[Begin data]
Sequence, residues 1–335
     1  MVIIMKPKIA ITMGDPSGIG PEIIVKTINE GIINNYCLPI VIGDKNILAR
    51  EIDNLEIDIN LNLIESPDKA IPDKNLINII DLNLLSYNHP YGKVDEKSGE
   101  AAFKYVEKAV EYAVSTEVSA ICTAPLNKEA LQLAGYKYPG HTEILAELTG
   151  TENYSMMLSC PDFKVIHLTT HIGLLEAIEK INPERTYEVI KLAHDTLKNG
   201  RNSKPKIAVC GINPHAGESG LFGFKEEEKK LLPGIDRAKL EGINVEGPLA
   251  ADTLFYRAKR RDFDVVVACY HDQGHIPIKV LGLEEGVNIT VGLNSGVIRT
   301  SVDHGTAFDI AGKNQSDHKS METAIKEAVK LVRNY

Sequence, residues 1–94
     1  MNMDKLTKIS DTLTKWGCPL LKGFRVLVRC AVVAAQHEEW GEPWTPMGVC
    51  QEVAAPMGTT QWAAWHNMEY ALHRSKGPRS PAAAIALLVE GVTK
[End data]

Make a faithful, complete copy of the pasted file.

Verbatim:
Sequence, residues 1–335
     1  MVIIMKPKIA ITMGDPSGIG PEIIVKTINE GIINNYCLPI VIGDKNILAR
    51  EIDNLEIDIN LNLIESPDKA IPDKNLINII DLNLLSYNHP YGKVDEKSGE
   101  AAFKYVEKAV EYAVSTEVSA ICTAPLNKEA LQLAGYKYPG HTEILAELTG
   151  TENYSMMLSC PDFKVIHLTT HIGLLEAIEK INPERTYEVI KLAHDTLKNG
   201  RNSKPKIAVC GINPHAGESG LFGFKEEEKK LLPGIDRAKL EGINVEGPLA
   251  ADTLFYRAKR RDFDVVVACY HDQGHIPIKV LGLEEGVNIT VGLNSGVIRT
   301  SVDHGTAFDI AGKNQSDHKS METAIKEAVK LVRNY

Sequence, residues 1–94
     1  MNMDKLTKIS DTLTKWGCPL LKGFRVLVRC AVVAAQHEEW GEPWTPMGVC
    51  QEVAAPMGTT QWAAWHNMEY ALHRSKGPRS PAAAIALLVE GVTK